A Conversation with Brad Deane of TIFF

Olivier Assayas

Though I’ve already written in these pages about the retrospective, ‘Something in the Air: The Cinema of Olivier Assayas,’ happening at TIFF this summer, I recently had the chance to speak with Brad Deane, the Senior Manager of TIFF Cinematheque, who is also a part of the programming team for the festival. It was readily apparent that he was a big fan of Assayas’s movies, and he spoke candidly about why the French director of the post May ’68 French tradition remains and will remain relevant in our conversations regarding film, modern culture, and life as we know it.

Hoon: How did you first come across Assayas’s films?

Brad Deane: I think it was at the festival when ‘Clean’ was playing at the Gala. I first heard of him when I was in university in Florida but back then I didn’t have much access to the films. I watched a few of them but it wasn’t until later on that I got to see more and more of his films. There are also a lot of earlier ones that were hard to see. Doing the retrospective is when I was first able to see them. Every time I watched the films I wanted to do a retrospective more and more as I saw these themes running through the works.

H: I’ve been always curious as to see what it’d be like to watch, virtually one after the other, a series of movies by a single director. Do you think a retrospective like this one brings certain elements of the movies to light?

B: Definitely. I think Olivier sees his works that way too. Stylistically they are very different. There’s ‘Demon Lover’ then ‘Clean’ and then he goes back to ‘Boarding Gate.’ But I still do see themes running through the whole body of works. And I know from talking to him that he sees them in that way, he sees them as parts of a larger project. He’s just approaching it from different angles.

Maggie Cheung in ‘Clean’ (2004)

H: Are there particular things you want the audiences to see in Assayas’s films?

B: I’m always reluctant to point out because you’re always going to come away with your own thing. The films are great because they are so rich and there are many different things to look at. But I do think that strong female performances throughout his body of works are really amazing. He’s been doing that since the beginning — it’s effortless, I don’t think he’s consciously trying to do it. Some of the themes about modern culture and how modernization and technology are affecting us are fascinating: As we move ahead, what are losing from the past and what are we gaining? And I don’t think he’s making any kind of moral judgments on these subjects either.

From ‘Something in the Air’ (2012)

H: And I think that’s what was so interesting about watching ‘Summer Hours’ and ‘Personal Shopper’ — he addresses these issues not in a moralistic way but as part and parcel of personal stories.

B: I think he’s someone who doesn’t like to make moral decisions. And the way he approaches things from a political perspective is really fascinating because he grew up in a post May ’68 culture. While maybe some of the views could be considered toward the left, he’s always aware and critical and trying to see what we are gaining and losing. In some ways, he’s so tricky to pin down: you can’t really say he’s this or that. I find that really interesting because it’s engaging — he keeps pulling you in and asking questions. He’s someone who’s very curious about every subject he wants to tackle. And you as an audience member feel that curiosity in the films.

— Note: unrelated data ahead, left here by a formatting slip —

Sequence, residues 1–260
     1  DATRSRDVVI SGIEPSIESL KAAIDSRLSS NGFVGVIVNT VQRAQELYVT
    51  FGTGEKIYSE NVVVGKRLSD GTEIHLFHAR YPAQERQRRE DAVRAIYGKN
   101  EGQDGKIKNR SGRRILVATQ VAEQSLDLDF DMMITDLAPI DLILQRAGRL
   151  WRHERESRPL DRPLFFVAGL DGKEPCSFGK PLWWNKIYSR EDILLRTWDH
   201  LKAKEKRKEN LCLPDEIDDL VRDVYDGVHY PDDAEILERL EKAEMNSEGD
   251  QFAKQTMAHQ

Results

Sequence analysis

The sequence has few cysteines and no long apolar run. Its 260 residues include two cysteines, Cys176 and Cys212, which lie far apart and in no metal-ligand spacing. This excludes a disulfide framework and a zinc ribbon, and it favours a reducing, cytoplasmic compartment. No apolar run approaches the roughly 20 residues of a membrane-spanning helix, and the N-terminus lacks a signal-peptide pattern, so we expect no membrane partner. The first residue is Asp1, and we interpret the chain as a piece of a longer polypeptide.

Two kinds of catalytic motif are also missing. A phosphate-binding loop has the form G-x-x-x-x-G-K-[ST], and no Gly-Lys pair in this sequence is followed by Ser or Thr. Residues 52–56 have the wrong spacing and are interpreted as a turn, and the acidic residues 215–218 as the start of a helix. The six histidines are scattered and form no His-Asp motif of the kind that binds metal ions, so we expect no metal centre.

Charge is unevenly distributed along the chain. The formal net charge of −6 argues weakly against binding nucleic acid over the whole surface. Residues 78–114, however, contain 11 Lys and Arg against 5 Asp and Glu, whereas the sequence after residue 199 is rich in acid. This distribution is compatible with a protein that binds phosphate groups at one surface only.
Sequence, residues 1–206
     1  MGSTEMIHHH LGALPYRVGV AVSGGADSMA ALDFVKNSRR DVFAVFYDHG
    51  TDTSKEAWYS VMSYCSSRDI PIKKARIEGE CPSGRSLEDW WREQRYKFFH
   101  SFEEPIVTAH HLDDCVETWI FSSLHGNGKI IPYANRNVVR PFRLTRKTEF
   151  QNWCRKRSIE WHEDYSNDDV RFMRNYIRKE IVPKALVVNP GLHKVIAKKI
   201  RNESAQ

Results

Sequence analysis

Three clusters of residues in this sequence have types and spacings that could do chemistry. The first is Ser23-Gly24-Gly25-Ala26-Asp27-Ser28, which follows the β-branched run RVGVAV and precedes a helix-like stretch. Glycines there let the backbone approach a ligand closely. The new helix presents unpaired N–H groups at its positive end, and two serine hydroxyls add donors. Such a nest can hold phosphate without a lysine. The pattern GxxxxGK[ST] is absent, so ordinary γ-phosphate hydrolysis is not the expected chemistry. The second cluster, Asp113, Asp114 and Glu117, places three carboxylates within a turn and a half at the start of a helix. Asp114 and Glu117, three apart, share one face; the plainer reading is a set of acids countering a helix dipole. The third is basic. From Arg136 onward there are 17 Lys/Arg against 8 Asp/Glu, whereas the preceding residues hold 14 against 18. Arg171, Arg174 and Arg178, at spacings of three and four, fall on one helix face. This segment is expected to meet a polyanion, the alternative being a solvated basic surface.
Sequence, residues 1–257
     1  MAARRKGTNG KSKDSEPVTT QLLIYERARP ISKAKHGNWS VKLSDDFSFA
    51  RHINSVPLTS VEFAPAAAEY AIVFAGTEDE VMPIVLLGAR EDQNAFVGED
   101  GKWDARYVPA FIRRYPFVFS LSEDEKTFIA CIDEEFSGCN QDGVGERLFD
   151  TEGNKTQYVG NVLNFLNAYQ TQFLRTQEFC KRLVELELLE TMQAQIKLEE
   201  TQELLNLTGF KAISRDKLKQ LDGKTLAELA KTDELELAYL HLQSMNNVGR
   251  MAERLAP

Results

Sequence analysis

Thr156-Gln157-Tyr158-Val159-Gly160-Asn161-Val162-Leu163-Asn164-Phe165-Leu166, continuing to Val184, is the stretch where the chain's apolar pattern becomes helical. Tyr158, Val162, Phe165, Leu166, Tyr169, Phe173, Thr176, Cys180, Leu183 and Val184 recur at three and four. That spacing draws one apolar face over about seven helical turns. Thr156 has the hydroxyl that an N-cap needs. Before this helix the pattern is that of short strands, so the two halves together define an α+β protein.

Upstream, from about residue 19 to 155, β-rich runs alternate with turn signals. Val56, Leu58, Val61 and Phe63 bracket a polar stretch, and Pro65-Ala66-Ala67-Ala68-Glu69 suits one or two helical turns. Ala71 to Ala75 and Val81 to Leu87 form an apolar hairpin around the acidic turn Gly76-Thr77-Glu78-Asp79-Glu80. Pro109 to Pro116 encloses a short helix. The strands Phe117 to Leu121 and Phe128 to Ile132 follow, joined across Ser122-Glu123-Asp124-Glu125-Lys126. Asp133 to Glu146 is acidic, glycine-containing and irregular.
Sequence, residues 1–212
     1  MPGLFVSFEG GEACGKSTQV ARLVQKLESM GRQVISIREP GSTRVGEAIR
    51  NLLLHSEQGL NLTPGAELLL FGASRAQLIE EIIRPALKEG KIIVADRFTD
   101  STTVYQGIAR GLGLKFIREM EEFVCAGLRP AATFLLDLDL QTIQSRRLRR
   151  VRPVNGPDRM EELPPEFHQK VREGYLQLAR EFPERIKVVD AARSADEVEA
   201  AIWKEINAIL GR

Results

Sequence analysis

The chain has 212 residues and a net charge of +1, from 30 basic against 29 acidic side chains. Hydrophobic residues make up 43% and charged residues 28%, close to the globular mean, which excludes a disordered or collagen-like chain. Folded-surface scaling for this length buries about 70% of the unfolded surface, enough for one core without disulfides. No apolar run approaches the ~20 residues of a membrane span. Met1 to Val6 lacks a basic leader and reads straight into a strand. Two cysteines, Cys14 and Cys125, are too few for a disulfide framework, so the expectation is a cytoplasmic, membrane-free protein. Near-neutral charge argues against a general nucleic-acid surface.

H: Assayas is now recognized as an auteur, yet sometime it is difficult to pin down Assayas into a single genre or a style of film. How would you describe his movies to someone who’s never seen one?

B: It’s tricky. I think ‘Cold Water’ on, there’s definitely a certain visible style of movement on screen with him. The films take place at a brisk pace, almost at the pace of life. If you don’t catch something, you can miss it, though you don’t often do since he’s so strategic about how he lays everything out for the audience. But the films move at that pace and I think that’s how he deemphasizes any moral judgments or anything like that.

H: Do you have a personal favorite Assayas’s movie? 

B: If I have to narrow it down to a few — and this is difficult because I really love his films — ‘Cold Water’, an absolute masterpiece, ‘Summer Hours’, ‘Carlos’…It’s hard to say with the newer ones but I absolutely loved ‘Personal Shopper’. It moves me every time I see it. I remember seeing it at Cannes and walking out of the cinema and feeling completely lost and dazed.

H: Tell us more about what you think of Personal Shopper. 

B: For me it’s about the idea of loss. Why are we here and what’s beyond here. And at the emotional level, losing someone close to you and how you deal with that. It captures that in such a beautiful and complicated way.

H: What I found interesting in Personal Shopper is that it’s an amalgam of genres, some of which he’s explored in his previous films — thriller, murder mystery, etc.